2. Elements of an experiment  in order to show that there is a cause-effect relationship between two variables we have two goals: –it must be shown that changes in one variable cause changes in he other variable –an experiment must rule out the possibility that the changes are caused by some other variable  these two goals lead to two characteristics differentiating experiments and other research strategies –manipulation of one variable while measuring a second variable –control of other, extraneous variables

Manipulation and measurement –the primary purpose of manipulation is to allow researchers to determine the direction of a relationship  e.g. change in the position of the switch vs. change in brightness of the light or depression and insomnia –a second purpose of manipulation is to give the researcher command of one of the variables being studied  experimenter is the one determining the manipulation –independent variable  is the variable manipulated by the researcher  the independent variable usually consists of two or more treatment conditions to which participants are exposed (e.g. changes in room temperature) –dependent variable  is the variable that is observed for changes in order to assess the effects of manipulating the independent variable  the dependent variable is typically a behavior or a response measured in each treatment condition (e.g. test performance)

Manipulation and measurement (cont.) –extraneous variable  all variables in the study other than the independent and dependent variables –treatment condition  a situation or environment characterized by one specific value of the manipulated variable  an experiment contains two or more treatment conditions that differ according to the values of the manipulated variable –levels  the different values of the independent variable selected to create and define the treatment conditions are called the levels of the independent variable

Control and extraneous variables –the purpose of an experiment is to show that the manipulated variable is responsible for the changes observed in the dependent variable –therefore, an experiment must rule out any other possible explanation for the observed changes – that is, eliminate all confounding variables –e.g. Pavio’s research on imagery causing better memory with the possible confounding variable of meaningfulness (or abstractness)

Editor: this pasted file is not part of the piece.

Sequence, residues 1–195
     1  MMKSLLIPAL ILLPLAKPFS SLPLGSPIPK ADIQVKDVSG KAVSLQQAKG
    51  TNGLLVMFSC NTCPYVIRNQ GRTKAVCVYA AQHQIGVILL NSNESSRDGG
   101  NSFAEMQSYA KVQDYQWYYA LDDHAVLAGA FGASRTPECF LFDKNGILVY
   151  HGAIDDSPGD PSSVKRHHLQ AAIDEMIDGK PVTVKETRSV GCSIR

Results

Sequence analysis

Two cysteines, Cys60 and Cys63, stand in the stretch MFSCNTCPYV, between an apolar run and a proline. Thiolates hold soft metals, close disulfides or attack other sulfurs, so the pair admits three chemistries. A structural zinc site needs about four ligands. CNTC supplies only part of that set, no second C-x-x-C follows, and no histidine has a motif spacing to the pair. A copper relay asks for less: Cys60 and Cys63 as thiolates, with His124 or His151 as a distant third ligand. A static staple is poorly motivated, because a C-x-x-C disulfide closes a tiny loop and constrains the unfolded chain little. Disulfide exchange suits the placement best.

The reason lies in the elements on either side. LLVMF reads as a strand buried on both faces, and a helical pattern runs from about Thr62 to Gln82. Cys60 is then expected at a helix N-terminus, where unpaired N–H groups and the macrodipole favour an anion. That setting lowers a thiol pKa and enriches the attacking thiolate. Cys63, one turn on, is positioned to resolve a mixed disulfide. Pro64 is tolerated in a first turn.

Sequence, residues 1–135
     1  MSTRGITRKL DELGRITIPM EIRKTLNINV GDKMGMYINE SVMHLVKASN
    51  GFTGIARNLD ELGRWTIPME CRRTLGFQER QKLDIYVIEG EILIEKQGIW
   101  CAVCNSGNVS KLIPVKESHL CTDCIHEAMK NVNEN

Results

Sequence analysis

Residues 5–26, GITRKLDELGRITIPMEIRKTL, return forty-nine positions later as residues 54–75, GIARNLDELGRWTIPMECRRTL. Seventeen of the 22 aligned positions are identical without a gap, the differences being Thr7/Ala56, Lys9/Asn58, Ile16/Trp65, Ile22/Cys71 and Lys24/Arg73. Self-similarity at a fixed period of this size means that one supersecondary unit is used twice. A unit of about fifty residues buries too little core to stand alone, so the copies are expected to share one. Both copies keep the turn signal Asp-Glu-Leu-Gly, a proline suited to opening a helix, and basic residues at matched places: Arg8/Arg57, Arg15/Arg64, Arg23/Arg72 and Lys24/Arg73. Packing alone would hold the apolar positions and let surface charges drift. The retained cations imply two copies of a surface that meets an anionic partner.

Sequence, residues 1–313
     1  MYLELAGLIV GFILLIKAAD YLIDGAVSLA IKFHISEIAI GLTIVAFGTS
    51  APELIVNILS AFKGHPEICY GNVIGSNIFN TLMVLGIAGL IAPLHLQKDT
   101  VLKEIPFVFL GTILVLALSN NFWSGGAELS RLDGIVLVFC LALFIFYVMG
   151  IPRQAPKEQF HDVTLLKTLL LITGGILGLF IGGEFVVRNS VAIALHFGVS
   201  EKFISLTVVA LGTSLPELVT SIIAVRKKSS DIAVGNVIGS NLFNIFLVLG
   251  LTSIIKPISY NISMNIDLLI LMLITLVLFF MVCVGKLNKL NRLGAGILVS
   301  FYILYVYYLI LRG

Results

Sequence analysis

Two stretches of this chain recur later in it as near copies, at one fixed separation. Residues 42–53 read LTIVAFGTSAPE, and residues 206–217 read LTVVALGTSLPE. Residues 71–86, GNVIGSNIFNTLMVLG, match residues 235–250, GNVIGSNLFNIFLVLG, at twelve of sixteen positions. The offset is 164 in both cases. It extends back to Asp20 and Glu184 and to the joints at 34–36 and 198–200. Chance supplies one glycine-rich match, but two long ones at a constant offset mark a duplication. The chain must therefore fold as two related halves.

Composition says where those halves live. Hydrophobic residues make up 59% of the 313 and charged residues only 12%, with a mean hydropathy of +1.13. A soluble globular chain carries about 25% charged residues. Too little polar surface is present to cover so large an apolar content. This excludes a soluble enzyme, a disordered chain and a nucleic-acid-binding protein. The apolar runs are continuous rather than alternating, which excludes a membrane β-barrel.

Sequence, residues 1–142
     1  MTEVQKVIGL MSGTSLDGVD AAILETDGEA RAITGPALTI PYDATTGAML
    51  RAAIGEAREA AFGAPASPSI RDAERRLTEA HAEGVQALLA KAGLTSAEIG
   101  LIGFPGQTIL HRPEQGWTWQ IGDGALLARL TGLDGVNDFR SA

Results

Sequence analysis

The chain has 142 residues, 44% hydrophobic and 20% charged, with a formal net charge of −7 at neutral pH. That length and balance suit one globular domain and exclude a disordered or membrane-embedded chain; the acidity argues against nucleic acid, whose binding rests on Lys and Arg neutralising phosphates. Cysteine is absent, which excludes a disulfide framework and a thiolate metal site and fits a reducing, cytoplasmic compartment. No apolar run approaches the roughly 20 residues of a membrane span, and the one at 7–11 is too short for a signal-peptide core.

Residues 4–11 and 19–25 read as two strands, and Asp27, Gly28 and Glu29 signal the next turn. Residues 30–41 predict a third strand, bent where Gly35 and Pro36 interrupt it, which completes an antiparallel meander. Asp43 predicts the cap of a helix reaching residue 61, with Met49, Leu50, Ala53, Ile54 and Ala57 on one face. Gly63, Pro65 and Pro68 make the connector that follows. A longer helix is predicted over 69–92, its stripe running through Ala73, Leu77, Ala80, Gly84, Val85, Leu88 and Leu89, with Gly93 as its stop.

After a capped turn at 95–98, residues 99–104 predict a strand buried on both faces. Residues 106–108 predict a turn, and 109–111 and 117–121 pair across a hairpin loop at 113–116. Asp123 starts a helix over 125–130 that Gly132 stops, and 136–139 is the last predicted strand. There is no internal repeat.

3. Dealing with extraneous variables  an experimental researcher must prevent any extraneous variable from becoming a confounding variable  this is the basic purpose of control within an experiment  confounding variable has two important characteristics –extraneous variable becomes a confounding variable only if it influences the dependent variable –a confounding variable must vary systematically with the independent variable (e.g. IQ and memory)  There are two standard methods for controlling extraneous variables: –control by holding constant or matching –control by randomization

Control by holding constant or matching –the impact of an extraneous variable on the results can be eliminated by holding it constant  e.g. all individuals in the experiment will be observed in the same room, at the same time of day, by the same researchers, the individuals have the same IQ etc. –the impact of an extraneous variable on the results can be minimized by matching the levels of the variable across treatment conditions  e.g. 10 males and 20 females can be assigned to each separate treatment condition  in this way we eliminate possible variation across treatments